Taking place just a few days after the conclusion of La Vuelta Femenina, Itzulia Women serves as a natural progression for many of the riders of the Women’s World Tour, who will stay on in the northern region of Spain to continue on to this race.
It’s just the second edition of Itzulia Women, which takes place across three stages in the Basque Country, known for its fanatical cycling community. The race was developed from the one day San Sebastian classic, the route of which forms the final stage of the race. 8 WWT teams are joined by 12 Continental teams, including 5 Spanish teams who will be hoping to impress on home soil.
The race takes place from Friday 12th to Sunday 14th May.
Stage 1 – Friday 12th May – Etxebarria – Markina-Xemein (122.2km)
A day of rolling terrain typical of the Basque region begins in the town of Etxebarria, and works its way up towards the coast, before heading round in a loop to cross the finish line in Markina-Xemein for the first time after 75km. This loop includes the first climb of the race, a category 3 test that is likely to split the bunch with GC contenders potentially keen to exert their authority early in such a short race.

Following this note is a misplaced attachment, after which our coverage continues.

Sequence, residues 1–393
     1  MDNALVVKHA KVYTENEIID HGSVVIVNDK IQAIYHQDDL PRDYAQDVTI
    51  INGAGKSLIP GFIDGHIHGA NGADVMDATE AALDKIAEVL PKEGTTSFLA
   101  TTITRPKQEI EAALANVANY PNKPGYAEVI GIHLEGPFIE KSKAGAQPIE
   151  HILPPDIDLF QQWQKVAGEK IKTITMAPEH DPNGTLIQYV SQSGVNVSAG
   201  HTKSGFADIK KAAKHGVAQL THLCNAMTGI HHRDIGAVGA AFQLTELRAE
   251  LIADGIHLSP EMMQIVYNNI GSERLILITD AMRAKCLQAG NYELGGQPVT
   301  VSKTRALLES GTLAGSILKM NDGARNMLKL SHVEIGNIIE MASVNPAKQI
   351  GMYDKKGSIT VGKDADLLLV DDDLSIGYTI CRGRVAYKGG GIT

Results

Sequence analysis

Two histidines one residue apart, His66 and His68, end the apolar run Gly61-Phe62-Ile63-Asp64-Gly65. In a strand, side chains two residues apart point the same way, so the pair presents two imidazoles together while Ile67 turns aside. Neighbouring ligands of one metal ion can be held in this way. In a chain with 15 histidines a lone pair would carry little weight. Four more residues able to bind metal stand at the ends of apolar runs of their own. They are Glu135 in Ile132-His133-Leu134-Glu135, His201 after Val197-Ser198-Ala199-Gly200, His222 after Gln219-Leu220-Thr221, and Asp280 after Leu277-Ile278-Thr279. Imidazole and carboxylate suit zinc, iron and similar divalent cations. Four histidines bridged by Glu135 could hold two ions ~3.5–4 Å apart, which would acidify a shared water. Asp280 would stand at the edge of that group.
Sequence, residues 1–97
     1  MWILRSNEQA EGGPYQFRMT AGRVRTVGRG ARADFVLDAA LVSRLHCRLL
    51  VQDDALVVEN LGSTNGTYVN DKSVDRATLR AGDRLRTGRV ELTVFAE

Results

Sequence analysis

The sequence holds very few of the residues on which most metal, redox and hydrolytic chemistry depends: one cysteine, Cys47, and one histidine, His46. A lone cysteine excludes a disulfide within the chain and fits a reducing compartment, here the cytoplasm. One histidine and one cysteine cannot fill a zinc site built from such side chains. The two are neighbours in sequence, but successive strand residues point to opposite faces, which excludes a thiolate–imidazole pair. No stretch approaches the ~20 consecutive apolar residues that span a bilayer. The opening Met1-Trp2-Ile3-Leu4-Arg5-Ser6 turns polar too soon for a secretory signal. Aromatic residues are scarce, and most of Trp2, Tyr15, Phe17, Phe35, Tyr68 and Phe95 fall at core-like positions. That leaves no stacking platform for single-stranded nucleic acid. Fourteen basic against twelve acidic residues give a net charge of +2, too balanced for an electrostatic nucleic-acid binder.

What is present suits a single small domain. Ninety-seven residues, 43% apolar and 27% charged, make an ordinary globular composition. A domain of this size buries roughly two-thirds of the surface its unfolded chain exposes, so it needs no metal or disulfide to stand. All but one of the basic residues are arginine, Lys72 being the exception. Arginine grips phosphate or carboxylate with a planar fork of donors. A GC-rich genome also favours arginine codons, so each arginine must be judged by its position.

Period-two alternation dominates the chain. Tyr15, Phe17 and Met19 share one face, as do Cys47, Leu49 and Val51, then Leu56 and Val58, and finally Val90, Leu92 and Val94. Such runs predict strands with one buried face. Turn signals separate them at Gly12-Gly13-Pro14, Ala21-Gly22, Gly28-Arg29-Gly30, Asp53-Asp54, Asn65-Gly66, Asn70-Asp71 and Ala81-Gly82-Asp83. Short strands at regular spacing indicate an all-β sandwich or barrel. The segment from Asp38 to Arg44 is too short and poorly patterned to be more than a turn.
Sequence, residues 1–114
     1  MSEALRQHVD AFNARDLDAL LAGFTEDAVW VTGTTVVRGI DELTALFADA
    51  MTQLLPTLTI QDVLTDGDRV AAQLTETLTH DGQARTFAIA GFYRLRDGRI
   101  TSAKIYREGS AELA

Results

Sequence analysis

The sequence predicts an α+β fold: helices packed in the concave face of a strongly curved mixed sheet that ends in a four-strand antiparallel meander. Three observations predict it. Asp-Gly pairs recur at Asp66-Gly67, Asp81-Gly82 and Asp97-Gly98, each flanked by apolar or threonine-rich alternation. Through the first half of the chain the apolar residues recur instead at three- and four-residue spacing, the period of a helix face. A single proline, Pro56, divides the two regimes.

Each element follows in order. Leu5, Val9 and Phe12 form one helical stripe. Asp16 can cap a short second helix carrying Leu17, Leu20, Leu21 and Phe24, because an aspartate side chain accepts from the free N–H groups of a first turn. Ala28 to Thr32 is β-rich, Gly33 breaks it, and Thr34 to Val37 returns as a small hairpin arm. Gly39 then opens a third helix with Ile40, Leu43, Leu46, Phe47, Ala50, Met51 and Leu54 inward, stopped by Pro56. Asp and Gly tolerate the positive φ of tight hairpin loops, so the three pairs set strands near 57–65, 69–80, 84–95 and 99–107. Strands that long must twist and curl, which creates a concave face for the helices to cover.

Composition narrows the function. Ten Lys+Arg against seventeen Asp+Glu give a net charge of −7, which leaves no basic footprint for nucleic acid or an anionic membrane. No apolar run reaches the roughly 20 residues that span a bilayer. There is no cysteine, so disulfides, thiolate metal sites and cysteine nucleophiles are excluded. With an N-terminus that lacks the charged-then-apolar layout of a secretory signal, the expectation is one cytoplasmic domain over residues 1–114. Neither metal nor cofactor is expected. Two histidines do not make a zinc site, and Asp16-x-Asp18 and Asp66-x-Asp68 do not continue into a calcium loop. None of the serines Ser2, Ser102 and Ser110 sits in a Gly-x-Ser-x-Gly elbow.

From there, another loop takes the riders to the second climb of the day. The Urkaregi is a more challenging ascent, 5.8km in length with an average pitch of 4.6%, and what remains of the peloton will likely be thinned further as the climbers rise to the fore. Just 8km of descent stand between the front runners and the finish line after that, where a solo breakaway rider may take victory, or if not, a reduced bunch sprint will be on the cards.
Stage 2 – Saturday 13th May – Vitoria-Gasteiz – Amurrio (133.2km)
The central stage of the trio is the longest, and unsurprisingly another day of ups and downs, though arguably the easiest in terms of categorised climbing. Setting off from the capital of the Basque region, Vitoria-Gasteiz, the route heads west, taking in an early category 3 climb, before turning north. The route undulates as it moves north before descending into Amurrio for the first passage of the finish line, and an intermediate sprint. From there, a second loop takes the riders further north and around back to Amurrio once again, via a second categorised climb.